If you are a native Vancouverite who spent any time traveling around the east side of the city during the years roughly encompassing the mid-fifties through the eighties, you will likely have come across the “East Van Cross” drawn or etched into all manner of things; walls, bus seats, trees, you name it. Its meaning has been the subject of much speculation. Most appear to agree it’s a kind of early gang or neighbourhood “tag” of sorts. I recall them appearing in black felt pen on the backs of the seats of North Vancouver-bound buses circa 1979-80.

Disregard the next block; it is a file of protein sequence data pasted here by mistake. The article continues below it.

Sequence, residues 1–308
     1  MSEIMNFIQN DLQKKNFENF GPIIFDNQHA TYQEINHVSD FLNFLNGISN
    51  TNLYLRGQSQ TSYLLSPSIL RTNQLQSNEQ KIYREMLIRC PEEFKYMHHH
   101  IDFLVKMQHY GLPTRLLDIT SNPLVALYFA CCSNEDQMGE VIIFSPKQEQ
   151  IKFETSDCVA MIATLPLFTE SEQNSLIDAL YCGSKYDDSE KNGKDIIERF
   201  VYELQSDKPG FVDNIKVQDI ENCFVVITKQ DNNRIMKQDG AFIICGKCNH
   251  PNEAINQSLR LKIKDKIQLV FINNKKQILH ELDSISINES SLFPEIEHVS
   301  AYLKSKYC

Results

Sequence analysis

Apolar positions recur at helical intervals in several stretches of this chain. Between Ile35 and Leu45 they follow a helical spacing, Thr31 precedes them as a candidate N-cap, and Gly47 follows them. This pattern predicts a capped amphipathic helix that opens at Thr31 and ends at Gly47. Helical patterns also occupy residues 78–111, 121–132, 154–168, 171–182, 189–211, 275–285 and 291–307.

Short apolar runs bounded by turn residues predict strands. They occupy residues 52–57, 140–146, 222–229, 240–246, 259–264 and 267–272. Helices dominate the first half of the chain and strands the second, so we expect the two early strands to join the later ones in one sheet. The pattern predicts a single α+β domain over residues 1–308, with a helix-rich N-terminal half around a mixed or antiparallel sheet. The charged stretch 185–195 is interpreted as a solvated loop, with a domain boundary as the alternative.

Ken Lum resurrected that image in his now famous version of the “East Van Cross” that appears in beacon-like sculptural light form at Clark and Great Northern Way, effectively a border marking as you head towards the the city’s east side. It was a popular success and drew much mainstream attention to the often witty and bold work of this Vancouver conceptualist.
This portrait was done during a brief 10 minute lull in an otherwise dark, sodden, Vancouver afternoon. I’d taken all my lighting gear in anticipation of a laborious interior shoot but when Ken showed up in this parka and the light gave us a break, we went across the street from his mid-town condo and took advantage of a loading bay’s shelter and colour trim.
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